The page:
That estimate, based on the central bank’s main economic model, would have gotten America to around 3.2% growth in 2019 — but at a hefty cost. For example, “Inflation would’ve been well above their mandate, 2.5% and rising, at this point,” Tedeschi said, and “would have necessitated a sharp increase in rates.” Such an abrupt change could have weakened the economy and certainly “would have been painful,” he said.

But even in that version of the world, one in which the Fed was willing to leave its policy totally untouched at near-zero for more than a decade, the economy could have achieved that 4% growth figure only absent a trade war — and even that is a stretch, the Times said.

While it’s hard to gauge precisely how much the administration’s tariffs reduced growth, estimates suggest they could have shaved between 0.5% and 1 percentage point away in 2019, Mr. Tedeschi said.

All of these projections are highly uncertain and even if the basic figures are right, “this scenario is unrealistic,” the Times said.

In another version of the world, the Fed could have raised interest rates between 2015 and 2018, but then lowered them much more quickly in 2019. Had the federal funds rate dropped to zero at the very start of the year, Tedeschi said, it might have added about 0.35 percentage point to growth, getting the economy up to the 2.5% range.

However, that is seen as far-fetched since the Fed has never slashed rates to zero outside of a recession.

Doing so at a time when the economy was growing and the president pushing for more stimulus would have looked overtly political and could have raised the risk of higher inflation. Relative to the economy’s structural growth path — the one driven by labor force expansion and productivity — the Fed’s rate-setting may have shaved about 0.1 percentage point from growth in 2019, according to an estimate from Julia Coronado, a founder of MacroPolicy Perspectives. Slower capital expenditures and trade probably shaved another 0.1 percentage point from growth. But those effects were offset by the aftereffect of ramped-up government spending and tax cuts, which she estimates probably lifted growth by about 0.4 percentage point.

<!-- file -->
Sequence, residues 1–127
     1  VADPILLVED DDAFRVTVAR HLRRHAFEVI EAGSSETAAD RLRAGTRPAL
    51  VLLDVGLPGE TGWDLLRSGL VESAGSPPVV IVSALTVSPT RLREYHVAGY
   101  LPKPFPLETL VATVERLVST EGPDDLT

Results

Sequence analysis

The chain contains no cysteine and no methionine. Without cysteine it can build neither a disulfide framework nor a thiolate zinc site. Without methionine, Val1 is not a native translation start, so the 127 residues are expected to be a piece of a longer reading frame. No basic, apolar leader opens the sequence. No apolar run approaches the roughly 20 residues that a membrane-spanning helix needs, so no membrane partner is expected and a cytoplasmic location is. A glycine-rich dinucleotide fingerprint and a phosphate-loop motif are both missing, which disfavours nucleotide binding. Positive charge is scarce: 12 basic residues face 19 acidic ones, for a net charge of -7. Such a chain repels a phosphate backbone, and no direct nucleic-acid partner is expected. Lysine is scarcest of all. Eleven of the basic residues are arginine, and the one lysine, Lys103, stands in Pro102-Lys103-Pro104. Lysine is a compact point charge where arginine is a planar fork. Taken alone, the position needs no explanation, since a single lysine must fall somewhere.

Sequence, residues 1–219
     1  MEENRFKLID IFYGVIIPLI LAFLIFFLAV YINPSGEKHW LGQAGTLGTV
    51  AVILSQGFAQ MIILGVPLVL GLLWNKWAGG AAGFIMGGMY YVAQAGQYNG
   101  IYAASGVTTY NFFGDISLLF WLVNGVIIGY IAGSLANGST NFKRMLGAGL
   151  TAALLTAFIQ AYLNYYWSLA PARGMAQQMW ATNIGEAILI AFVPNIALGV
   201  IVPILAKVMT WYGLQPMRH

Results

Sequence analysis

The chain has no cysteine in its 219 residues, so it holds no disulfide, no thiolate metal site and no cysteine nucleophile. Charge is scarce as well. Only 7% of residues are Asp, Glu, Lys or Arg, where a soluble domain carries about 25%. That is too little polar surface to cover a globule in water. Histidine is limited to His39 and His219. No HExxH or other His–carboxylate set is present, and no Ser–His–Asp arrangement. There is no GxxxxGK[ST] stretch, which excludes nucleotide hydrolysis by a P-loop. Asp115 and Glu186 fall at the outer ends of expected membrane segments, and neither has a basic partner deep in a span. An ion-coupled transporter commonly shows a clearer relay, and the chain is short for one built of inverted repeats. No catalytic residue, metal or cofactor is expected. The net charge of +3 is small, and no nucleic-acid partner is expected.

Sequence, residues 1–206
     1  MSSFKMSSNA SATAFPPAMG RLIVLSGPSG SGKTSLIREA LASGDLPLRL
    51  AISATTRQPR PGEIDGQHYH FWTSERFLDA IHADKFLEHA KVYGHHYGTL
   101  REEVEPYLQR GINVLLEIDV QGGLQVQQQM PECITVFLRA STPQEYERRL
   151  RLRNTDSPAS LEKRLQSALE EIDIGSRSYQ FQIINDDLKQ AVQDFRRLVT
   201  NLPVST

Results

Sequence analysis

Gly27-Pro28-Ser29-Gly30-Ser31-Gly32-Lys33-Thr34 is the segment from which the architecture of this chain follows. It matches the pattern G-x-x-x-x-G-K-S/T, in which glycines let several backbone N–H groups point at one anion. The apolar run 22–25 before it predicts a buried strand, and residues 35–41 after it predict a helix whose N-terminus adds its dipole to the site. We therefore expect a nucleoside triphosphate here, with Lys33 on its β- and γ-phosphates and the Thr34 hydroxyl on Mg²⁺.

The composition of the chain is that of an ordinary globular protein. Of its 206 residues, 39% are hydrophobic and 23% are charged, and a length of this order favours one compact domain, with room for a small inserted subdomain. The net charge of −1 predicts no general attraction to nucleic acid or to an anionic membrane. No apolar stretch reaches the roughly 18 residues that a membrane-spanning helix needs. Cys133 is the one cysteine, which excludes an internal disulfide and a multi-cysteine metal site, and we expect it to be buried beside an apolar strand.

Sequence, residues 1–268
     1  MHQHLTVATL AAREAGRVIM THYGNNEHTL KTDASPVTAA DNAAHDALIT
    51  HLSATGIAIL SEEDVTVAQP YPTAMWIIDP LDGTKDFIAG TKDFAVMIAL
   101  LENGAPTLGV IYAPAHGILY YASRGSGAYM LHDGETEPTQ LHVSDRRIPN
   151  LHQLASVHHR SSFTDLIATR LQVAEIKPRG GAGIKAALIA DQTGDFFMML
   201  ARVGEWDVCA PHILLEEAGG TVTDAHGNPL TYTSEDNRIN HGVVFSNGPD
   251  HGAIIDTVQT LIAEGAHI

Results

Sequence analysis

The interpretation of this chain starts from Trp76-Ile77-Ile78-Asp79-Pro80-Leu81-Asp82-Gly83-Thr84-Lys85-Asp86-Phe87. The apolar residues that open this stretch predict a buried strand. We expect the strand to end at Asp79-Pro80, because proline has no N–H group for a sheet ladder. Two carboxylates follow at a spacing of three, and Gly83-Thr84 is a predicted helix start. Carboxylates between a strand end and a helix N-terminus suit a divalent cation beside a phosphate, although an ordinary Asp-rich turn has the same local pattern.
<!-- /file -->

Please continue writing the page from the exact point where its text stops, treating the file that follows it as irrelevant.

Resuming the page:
But even here, there are uncertainties.

While it is clear that business investment fell sharply last year and manufacturing sagged, weighing down growth, it is hard to tell how much of that was a lagged response to higher interest rates and how much was a response to the trade war.

“The slowdown in capital expenditures came along when the trade war escalated,” Torsten Slok, an economist at Deutsche Bank, said in an interview. “One cautious estimate is that the trade war played a bigger role,” he said.

Tax cuts and higher government spending have helped to nudge growth temporarily above its potential — it came in at 2.8 percent in 2017 and 2.5 percent in 2018, decently above the roughly 2 percent sustainable growth rate.

Yet those gains probably will not hold. The working-age population is growing more slowly, and productivity, which popped temporarily, has since fallen back to earth. The Congressional Budget Office estimates that over the next decade, growth will average 1.9% a year, up slightly from the preceding decade but down substantially from the 3 percent and higher growth that prevailed before 2000.

So, we will see. “We haven’t seen 4% growth for many, many years,” Slok said. Certainly, this continuing fight over monetary policy should be watched closely by producers as it intensifies during the coming campaign, Washington Insider believes.